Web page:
Toppers Tour around the World: Taiwan


Not everyone can say they remember where they were when Taiwan elected their first female president, but one group of WKU students can recall being in the streets of Taiwan after the results poured in. 

Timothy Rich, WKU assistant professor of political science, and Yufen Chang, assistant professor in the Chinese Flagship Program, took several students to Taiwan on a faculty-led study abroad trip over winter break. 

Starting as a hybrid class led by the two professors, the goal of the trip was for students to put their Chinese language usage to the test as well as to learn about the democratization and politics of Taiwan, according to Rich.

“Students did not need to have any Chinese language skills nor any background in Taiwanese politics to take part in this program,” Rich said.

Spending most of their time abroad outside of a classroom, students were able to partake in meeting with four political parties, think tanks, a survey center, a newspaper, the election commission and multiple other organizations and groups. 

Heather Carpenter, a sophomore from Lancaster, who’s in the Chinese Flagship Program, said this was her first study-abroad experience. She said her main drive for going on the trip was to practice her Chinese. 

She said the entire experience as a whole was memorable for her and the lessons she learned about politics, language and culture made the trip worthwhile. 

“Everything was so amazing,” Carpenter said in an email. “There were some days that were hard, because we had so much to do and we were constantly ‘go, go, go,’ but I’m still glad it was like that or else I wouldn’t have been able to experience all that I did.” 

Carpenter said the class’s focus on Taiwan’s national election and being able to go to various political party headquarters piqued her interest. On the day of Taiwan’s elections she said they were able to watch the people vote, went to where the votes were counted and attended Tsai Ing-wen’s victory rally.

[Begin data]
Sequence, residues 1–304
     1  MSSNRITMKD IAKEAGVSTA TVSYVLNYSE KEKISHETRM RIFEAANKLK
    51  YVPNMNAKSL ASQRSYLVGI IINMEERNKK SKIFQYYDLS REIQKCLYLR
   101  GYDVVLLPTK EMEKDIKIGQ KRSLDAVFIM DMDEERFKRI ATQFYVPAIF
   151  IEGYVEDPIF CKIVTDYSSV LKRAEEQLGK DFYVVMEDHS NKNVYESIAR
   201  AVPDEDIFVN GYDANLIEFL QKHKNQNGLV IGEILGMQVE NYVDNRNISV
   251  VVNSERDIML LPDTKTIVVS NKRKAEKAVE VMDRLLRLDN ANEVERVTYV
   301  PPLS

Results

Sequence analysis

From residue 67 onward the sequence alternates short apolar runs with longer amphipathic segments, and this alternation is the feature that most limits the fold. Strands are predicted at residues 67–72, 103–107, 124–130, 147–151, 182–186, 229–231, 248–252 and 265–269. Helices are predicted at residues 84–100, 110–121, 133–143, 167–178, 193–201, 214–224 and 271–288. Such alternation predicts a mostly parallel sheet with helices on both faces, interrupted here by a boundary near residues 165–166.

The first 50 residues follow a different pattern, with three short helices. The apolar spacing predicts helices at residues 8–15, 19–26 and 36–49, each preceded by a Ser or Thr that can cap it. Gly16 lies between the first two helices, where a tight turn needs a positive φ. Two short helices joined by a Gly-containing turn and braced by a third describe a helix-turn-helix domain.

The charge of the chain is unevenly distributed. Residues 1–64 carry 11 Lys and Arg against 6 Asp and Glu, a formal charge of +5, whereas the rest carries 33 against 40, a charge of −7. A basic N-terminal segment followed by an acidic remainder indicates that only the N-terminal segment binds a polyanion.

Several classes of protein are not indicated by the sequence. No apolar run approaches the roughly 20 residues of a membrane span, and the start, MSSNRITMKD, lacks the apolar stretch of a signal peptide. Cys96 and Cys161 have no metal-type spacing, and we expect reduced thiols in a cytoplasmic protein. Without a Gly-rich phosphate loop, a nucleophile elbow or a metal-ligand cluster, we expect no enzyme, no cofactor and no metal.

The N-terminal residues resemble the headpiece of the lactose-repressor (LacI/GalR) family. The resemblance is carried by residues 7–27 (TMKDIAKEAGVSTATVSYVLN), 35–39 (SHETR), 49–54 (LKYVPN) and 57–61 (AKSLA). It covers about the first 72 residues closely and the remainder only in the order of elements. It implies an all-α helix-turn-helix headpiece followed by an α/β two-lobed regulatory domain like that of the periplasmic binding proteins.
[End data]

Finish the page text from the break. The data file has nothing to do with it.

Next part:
Ing-wen, part of the Democratic Progressive Party and Taiwan’s first elected female president, vowed in her victory speech to “preserve the status quo in relations with China.” She also added that Beijing must respect Taiwan’s democracy, according to the BBC. 

“When Tsai Ing-wen won the presidential election, we went to her victory rally; so it will be really cool to say that I was there when the first female presidential candidate of Taiwan gave her victory speech and international press conference; and at one point, I was even 5 feet away from her,” Bailie Hunter-Smith, a sophomore from Fort Mitchell said. 

Although these students were originally in Taiwan for studying purposes, they were able to do some touristy things and visit Sun Moon Lake and a Hot Springs hotel, Hunter-Smith said. 

Although this was a trip placed in a Chinese speaking country, students from various levels of experience participated.

“I think the best part of studying abroad is how much I learned,” Carpenter said. “I learned so much from class and I learned more of the language as well as the culture from being immersed in it.”